WCore Requirements

 Program Goals

WCore at Westminster College is designed to foster the intellectual skills and values that are necessary as a foundation for learning and to encourage the thoughtful integration of different disciplines.  The WCore offers a wide range of challenging courses that expands the knowledge of our students and allows them to investigate and express their interests. It is our belief that the WCore will revitalize our liberal education program and will create a climate in which more critical questions are asked and answered by our students. A priority of the reform is to have more full time faculty and instructional staff teaching in the WCore. This goal recognizes the importance of students interacting with faculty specifically in the first two years and throughout their tenure at Westminster. The following college-wide goals form the core of liberal education courses and are reinforced across the curriculum in major areas of study:

  • Critical, analytical, and integrative thinking
  • Creative and reflective capacities
  • Writing and other communication skills
  • Global consciousness, social responsibility, and ethical awareness
  • Leadership, collaboration, and teamwork.

The following course requirements are established for all students seeking an undergraduate degree. Students must earn a grade of CR or C- or above in WCore coursework to fulfill graduation requirements.

I. Learning Community
All full-time first-year are required to complete one Learning Community.
II. WCore Courses
WCore Fine Arts and Humanities (WCFAH) 

Students are required to take two WCFAH courses. (6-8 credit hours)

These classes draw from the humanities and fine arts to develop analytical, creative and reflective capacities, as well as teach students the skills of articulating ideas and concepts clearly both in writing and speech.

Course descriptions for WCFAH courses are available here.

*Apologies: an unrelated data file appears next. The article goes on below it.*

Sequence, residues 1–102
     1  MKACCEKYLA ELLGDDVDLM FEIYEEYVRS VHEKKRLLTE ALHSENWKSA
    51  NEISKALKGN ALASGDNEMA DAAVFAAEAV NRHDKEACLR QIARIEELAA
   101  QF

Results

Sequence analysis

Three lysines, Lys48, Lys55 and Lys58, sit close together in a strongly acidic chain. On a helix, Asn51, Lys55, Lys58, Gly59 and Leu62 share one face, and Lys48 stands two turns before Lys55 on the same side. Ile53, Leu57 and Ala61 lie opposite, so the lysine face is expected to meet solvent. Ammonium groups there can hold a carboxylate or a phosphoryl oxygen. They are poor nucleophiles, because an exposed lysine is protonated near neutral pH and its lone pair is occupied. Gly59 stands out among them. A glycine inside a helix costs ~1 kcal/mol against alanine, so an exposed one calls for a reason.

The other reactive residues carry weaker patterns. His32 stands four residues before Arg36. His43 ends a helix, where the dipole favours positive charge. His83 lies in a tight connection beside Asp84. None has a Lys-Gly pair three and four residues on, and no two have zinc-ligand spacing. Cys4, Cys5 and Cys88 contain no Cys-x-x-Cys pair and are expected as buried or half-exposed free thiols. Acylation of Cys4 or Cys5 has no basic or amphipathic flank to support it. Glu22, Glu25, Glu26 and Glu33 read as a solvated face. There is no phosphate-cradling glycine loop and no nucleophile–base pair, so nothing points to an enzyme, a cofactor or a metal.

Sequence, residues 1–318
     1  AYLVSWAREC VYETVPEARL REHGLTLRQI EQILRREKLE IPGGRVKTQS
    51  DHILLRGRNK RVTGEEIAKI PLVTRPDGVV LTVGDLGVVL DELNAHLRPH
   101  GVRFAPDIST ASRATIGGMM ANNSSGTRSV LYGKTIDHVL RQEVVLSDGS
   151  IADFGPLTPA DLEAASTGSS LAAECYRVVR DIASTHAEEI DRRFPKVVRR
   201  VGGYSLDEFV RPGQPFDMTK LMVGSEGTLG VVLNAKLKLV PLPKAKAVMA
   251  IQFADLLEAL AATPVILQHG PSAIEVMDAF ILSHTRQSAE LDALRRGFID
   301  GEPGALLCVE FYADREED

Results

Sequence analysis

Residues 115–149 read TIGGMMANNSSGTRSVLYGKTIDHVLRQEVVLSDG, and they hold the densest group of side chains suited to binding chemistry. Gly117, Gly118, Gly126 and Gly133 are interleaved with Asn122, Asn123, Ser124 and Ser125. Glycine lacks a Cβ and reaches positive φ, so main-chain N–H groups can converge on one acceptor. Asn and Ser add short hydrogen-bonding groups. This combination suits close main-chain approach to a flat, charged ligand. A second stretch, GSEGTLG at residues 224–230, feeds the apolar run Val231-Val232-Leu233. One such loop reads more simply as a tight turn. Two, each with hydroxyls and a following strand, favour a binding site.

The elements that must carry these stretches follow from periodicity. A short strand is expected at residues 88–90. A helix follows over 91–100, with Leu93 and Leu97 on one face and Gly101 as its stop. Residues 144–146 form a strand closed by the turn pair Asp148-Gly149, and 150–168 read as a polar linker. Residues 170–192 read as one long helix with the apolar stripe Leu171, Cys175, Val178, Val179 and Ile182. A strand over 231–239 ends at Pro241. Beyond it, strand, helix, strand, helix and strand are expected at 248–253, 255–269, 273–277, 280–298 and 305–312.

WCore Science and Math (WCSAM) 

Students are required to take two WCSAM courses. (6-8 credit hours)

WCore Science and Mathematics courses provide students the opportunity to learn about how quantitative reasoning and scientific inquiry shape our understanding and knowledge of the human experience and the world we inhabit. These classes draw from science and math to develop critical, analytical, and integrative thinking as well as writing and other communication skills.

Course descriptions for WCSAM courses are available here.

WCore Social and Behavioral Sciences (WCSBS) 

Students are required to take two WCSBS courses. (6-8 credit hours)

WCore Social and Behavioral Sciences courses provide students the opportunity to learn about and understand the human experience from social and behavioral science perspectives. These courses share the learning outcome of increasing understanding of human behavior and social interaction from multiple disciplinary and interdisciplinary approaches. Through a diverse range of course offerings students will be provided with the opportunity to explore dimensions of human life that may include: cultural, biological, social, behavioral, interactional, organizational, structural, and institutional approaches.

Course descriptions for WCSBS courses are available here.

III. Emphases
It is expected that courses meeting the Emphases requirements will also fulfill an WCore, a major, or a minor requirement and therefore will be drawn from courses already in the existing course rotation. Other courses may be developed and added to the WCore Emphases list.

WCore Diversity Emphasis (3-4 credit hours)